But what if we think about it differently? What if we think about what we’re really quitting and giving up on? And since I can’t hear your responses, let me give you my thoughts: You are actually quitting a culture that discriminates against certain bodies, not yourself. You’re quitting punitive behaviors, not yourself. You are quitting restriction and beating yourself up mentally, not yourself.
So you are saying ‘yes’ to leaving a different legacy behind for other people in your life that really fosters a sense of acceptance and that all bodies deserve respect and humanity. You are saying ‘yes’ to really honoring yourself, your mental health, your physical health, and looking at yourself as a whole being and nourishing yourself in all those different areas.
We look after the things that we respect and we care deeply for. And dieting is not caring for ourselves. It’s all about denying ourselves pleasure, comfort, and nourishment to thrive. And you can think about the things you care for in your life. How do you treat them? You probably treat them pretty lovingly, with respect and compassion. It’s the same thing. When we have compassion and acceptance for our bodies and ourselves, we really give ourselves care and ultimately, cultivate a better relationship with everything else in our life.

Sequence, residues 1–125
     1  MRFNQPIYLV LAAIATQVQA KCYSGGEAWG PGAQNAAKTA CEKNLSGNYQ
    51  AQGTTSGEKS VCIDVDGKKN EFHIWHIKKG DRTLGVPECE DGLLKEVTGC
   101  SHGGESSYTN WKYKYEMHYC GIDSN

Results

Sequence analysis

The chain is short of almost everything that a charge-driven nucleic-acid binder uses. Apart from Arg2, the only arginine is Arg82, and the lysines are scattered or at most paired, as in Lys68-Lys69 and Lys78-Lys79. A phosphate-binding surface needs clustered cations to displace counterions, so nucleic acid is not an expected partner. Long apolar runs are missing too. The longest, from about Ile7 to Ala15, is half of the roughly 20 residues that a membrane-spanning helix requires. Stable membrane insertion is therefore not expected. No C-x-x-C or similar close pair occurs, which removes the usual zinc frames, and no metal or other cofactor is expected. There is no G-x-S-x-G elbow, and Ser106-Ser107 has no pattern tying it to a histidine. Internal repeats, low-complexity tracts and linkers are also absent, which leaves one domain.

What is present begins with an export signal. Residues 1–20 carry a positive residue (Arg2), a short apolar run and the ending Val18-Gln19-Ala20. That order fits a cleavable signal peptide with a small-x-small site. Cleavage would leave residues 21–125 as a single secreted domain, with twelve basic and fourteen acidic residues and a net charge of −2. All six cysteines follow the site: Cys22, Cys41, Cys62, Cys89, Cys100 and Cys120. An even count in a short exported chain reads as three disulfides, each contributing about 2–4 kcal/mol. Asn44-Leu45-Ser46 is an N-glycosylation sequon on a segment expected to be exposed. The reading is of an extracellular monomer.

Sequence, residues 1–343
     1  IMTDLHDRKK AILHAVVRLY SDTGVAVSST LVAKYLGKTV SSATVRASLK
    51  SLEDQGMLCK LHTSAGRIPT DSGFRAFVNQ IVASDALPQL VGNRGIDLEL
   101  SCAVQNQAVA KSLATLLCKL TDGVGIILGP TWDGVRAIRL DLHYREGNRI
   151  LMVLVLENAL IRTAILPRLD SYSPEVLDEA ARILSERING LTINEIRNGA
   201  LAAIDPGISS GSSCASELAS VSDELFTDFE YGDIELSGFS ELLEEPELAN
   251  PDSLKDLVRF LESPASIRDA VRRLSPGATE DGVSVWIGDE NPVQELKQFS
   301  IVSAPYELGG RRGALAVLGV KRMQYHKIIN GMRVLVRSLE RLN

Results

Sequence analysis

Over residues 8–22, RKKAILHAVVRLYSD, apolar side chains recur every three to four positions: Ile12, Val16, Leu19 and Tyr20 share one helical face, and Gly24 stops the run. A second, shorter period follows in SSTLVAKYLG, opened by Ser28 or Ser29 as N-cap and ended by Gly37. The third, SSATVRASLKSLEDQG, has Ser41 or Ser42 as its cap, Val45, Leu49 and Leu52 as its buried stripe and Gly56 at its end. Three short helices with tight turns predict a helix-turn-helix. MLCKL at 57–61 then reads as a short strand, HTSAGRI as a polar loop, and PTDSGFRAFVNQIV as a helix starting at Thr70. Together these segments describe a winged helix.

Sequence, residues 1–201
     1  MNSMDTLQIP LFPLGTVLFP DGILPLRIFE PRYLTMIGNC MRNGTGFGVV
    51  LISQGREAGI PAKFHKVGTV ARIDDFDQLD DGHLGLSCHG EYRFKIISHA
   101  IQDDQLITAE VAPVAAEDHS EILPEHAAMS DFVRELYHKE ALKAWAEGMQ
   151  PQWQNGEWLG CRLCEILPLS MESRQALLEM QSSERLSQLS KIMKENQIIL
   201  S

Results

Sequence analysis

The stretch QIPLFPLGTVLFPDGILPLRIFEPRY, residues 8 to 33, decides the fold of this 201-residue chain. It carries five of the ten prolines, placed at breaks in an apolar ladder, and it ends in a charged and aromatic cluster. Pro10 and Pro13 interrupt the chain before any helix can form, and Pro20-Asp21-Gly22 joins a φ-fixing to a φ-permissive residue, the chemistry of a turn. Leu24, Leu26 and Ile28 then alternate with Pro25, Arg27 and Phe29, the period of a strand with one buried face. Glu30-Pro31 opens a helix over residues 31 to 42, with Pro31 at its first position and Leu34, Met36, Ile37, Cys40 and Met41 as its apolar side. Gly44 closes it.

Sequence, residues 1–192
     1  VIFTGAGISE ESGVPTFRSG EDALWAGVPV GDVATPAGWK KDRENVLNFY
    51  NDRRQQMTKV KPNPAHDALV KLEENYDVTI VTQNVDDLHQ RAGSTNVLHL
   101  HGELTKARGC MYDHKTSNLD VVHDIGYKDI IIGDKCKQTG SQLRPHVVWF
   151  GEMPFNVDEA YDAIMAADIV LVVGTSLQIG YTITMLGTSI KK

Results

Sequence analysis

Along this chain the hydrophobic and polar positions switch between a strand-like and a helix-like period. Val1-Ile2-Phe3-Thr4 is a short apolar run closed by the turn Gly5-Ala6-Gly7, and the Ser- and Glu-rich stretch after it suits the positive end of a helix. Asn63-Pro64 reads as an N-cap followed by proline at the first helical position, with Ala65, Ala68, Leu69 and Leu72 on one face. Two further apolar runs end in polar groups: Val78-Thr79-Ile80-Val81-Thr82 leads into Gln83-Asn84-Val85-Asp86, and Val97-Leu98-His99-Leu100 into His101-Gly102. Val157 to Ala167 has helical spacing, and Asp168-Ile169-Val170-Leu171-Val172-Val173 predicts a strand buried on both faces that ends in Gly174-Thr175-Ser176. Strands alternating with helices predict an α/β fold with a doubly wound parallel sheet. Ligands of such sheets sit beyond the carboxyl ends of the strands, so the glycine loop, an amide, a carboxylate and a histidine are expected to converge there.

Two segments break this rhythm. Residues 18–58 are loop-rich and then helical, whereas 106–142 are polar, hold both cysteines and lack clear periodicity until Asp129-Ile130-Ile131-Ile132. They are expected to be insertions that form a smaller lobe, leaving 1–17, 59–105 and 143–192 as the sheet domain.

So if we really want to focus on health, which is not an obligation, and not always in our control, and if we really want to eat effortlessly and just move our bodies when it feels good, it has to come from that place of respect and compassion and trust. And body acceptance can really help to flick that switch, to help us move there, if we’re still struggling.
And I’ve never worked with anyone who didn’t feel so much more at peace when they truly let go of that need to control. And when they really accept their body unconditionally. It gives you so much more time and space, and I always think about people that I’ve worked with, and the things that they can do once they’ve done that work. So whether it’s, they just have more time to do things socially, or they’re able to ask for a promotion at work, or they’re able to really get into their hobby of art or photography. It’s just amazing, and I’m going off on a bit of a tangent, there, but there’s just so much to gain. So much to gain.
So that hopefully convinces you that you’re not giving up, because you aren’t. And what I want to explore is five ways that we can use body image work to facilitate healing our relationship with food.
So, #1 is about understanding the root causes of why we diet., why we feel that need to control our food and our body size. So if we talk about actually getting off the diet cycle, like, not having that need to diet anymore, we really want to understand why we’re dieting in the first place. And you might be thinking, “Well, yeah, I diet, because I want to be smaller,” and yes, on the surface, that is true. But there is always something deeper there, because dieting is a coping mechanism, fixating on our body is a coping mechanism.